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Johns Hopkins Denies Room to Confederate Group

Breaking with a 20-year tradition, Johns Hopkins University has refused to rent a meeting room for use by several Confederate groups who sponsor the annual birthday celebration of Generals Robert E. Lee and Stonewall Jackson held at Baltimore's Lee-Jackson Memorial near the JHU campus. The event is usually attended by uniformed re-enactors representing both Union and Confederate soldiers and the room had been used for refreshments following the event.

University spokesman Dennis O'Shea said the school had received several complaints last year following the ceremony. "We are not required to rent a room to anyone who asks. In this case, we didn't feel it was appropriate to have the Confederate battle flag carried across our campus."

The celebration will go as scheduled on Jan. 17 at 11 a.m., according to G. Elliot Cummings, adjutant of the Col. Harry W. Gilmor Camp #1388, Sons of Confederate Veterans. His camp and the Maryland Division of the United Daughters of the Confederacy sponsor the event each year.

Cummings said his organization had not re-contacted the university about the rental issue but had encouraged those offended by the action to write or call the university. He said he had no difficulty in obtaining permits from the city to use the park.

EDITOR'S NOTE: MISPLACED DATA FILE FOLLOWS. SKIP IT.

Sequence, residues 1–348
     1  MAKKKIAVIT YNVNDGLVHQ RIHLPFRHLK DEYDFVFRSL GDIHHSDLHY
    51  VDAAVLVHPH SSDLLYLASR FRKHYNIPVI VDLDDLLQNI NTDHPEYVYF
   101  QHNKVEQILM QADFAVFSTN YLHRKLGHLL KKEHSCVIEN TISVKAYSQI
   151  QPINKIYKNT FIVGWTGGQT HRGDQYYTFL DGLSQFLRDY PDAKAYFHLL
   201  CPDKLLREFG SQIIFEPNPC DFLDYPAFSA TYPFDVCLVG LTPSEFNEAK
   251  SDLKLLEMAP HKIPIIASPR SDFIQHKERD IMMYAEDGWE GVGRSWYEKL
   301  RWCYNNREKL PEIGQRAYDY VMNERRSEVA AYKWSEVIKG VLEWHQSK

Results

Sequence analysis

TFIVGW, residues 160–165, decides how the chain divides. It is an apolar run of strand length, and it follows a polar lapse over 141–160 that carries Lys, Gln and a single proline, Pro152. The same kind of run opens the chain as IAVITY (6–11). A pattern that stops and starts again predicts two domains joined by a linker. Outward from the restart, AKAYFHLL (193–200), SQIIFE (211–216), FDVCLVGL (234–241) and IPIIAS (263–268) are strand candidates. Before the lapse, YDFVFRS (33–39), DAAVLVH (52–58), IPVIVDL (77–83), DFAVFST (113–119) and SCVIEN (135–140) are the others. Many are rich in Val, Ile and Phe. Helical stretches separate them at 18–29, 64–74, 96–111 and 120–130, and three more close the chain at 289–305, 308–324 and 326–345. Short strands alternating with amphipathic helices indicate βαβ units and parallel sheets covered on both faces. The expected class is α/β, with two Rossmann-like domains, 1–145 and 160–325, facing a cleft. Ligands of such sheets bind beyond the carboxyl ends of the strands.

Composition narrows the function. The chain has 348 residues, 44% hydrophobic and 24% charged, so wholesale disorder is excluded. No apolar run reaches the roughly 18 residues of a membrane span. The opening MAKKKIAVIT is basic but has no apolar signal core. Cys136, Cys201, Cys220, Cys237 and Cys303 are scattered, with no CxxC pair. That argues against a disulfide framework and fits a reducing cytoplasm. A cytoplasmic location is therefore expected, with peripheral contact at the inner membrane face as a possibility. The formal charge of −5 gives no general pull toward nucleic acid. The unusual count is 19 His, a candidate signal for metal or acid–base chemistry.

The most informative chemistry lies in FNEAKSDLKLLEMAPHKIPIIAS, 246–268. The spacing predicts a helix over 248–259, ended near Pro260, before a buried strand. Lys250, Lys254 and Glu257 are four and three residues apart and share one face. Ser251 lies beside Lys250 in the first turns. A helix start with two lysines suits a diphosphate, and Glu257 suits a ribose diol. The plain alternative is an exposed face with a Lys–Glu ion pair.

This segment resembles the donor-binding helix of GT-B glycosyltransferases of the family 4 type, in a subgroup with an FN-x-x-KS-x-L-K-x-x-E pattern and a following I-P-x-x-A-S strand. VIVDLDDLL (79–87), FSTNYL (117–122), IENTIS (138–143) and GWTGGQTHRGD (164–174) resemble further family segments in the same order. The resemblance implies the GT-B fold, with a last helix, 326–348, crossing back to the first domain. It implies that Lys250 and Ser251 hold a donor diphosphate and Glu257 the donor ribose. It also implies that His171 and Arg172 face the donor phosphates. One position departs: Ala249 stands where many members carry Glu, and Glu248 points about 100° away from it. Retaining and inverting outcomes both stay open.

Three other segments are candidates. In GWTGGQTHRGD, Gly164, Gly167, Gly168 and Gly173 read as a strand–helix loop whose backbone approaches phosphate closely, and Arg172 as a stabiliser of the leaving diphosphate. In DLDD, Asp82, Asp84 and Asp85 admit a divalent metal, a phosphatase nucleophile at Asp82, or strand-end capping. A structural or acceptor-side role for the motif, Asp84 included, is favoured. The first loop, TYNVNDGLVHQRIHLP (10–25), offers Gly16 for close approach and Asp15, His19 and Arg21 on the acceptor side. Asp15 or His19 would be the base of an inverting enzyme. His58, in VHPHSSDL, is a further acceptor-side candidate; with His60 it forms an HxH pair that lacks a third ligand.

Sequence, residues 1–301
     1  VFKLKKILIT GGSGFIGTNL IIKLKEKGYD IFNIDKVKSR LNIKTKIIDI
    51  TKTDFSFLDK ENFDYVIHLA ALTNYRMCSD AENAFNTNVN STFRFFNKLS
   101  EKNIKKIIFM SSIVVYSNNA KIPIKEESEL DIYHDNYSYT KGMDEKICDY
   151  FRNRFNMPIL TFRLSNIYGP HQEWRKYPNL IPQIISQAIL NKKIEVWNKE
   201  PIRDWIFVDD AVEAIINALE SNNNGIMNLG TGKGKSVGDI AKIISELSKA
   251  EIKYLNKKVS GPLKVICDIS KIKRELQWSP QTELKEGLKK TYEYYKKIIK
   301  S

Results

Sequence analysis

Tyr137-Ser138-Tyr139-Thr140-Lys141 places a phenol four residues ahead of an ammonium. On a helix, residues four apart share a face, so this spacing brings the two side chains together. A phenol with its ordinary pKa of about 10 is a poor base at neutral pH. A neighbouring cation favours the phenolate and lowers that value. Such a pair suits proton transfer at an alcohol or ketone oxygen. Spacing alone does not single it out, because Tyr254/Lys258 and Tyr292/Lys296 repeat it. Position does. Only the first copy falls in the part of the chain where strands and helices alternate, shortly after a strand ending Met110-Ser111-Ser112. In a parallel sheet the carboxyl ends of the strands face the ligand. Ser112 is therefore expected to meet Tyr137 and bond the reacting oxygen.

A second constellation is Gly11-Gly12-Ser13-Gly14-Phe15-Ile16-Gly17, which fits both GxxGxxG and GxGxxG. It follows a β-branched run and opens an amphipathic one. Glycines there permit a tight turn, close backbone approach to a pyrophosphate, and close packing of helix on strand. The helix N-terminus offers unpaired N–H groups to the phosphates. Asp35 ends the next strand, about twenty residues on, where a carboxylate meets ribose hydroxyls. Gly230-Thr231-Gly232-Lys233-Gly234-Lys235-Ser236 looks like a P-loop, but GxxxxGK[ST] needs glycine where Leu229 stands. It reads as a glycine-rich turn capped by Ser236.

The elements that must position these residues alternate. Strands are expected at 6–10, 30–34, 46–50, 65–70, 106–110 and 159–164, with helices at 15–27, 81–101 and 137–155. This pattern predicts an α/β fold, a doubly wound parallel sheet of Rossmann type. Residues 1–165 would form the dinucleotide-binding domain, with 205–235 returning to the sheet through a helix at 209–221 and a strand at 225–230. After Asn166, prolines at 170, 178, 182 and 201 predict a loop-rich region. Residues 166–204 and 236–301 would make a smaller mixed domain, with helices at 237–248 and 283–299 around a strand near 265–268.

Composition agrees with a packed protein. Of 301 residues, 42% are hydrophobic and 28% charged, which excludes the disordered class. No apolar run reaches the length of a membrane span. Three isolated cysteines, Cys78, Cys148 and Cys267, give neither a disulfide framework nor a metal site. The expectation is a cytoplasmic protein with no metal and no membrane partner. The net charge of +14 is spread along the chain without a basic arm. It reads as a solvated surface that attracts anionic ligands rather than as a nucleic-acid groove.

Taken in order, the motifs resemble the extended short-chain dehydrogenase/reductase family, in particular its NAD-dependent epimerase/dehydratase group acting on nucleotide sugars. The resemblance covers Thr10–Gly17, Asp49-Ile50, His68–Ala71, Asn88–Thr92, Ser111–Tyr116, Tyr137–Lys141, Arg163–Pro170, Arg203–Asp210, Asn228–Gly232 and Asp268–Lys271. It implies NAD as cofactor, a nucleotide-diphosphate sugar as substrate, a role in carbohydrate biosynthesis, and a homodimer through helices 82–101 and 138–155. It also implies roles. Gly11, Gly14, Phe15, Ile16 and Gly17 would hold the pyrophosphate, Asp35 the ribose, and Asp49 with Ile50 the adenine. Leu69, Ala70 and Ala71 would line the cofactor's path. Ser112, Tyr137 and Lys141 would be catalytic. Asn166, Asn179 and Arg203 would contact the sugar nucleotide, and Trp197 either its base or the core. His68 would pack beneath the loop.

The event has never been canceled because of weather, Cummings said. It includes a parade of re-enactors followed by a brief ceremony at the statue. The bronze memorial of Lee and Jackson, each astride a horse, was sculpted by Laura Fraser and dedicated in 1948.

By Linda Wheeler  |  January 7, 2009; 4:20 PM ET
 
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Comments

Someone once said that eventually Confederate descendents will become like the early Christians and be forced to honor their ancestors in secret in catacombs. This unjust decision by Hopkins unfortunately moves that day a little closer

Posted by: basilduke | January 12, 2009 3:41 PM | Report abuse

One wonders how everyone would react - especially the Washington Post - if Johns Hopkins had denied a room to those honoring Martin Luther King or Harvey Milk or some other "politically correct" figure? Would it be so "ho-hum" or would not the pages of the newspaper and the evening (and morning and afternoon) TV shows be filled with condemnation of the University for its bigotry, racism and intolerance ESPECIALLY in light of the fact that it had been renting the facility to the SAME group honoring the SAME people for the last TWENTY YEARS?!

When this first happened, I wrote to the President of the University and asked him what flag the SCV and UDC members had been carrying across Johns Hopkins campus for the last twenty years, the flag of Norway, perhaps? Or maybe the Union Jack? Certainly nothing the SCV or UDC had done was responsible for the University's very bigoted and very LATE determination to cancel what was an annual event. We can only deduce, therefore, that a premeditated assault is being made on decent people for the simple reason that they choose to exercise their First Amendment rights under the Constitution.

So much for "diversity" and "tolerance" - AND the Constitution.

Posted by: LadyVal1 | January 12, 2009 4:31 PM | Report abuse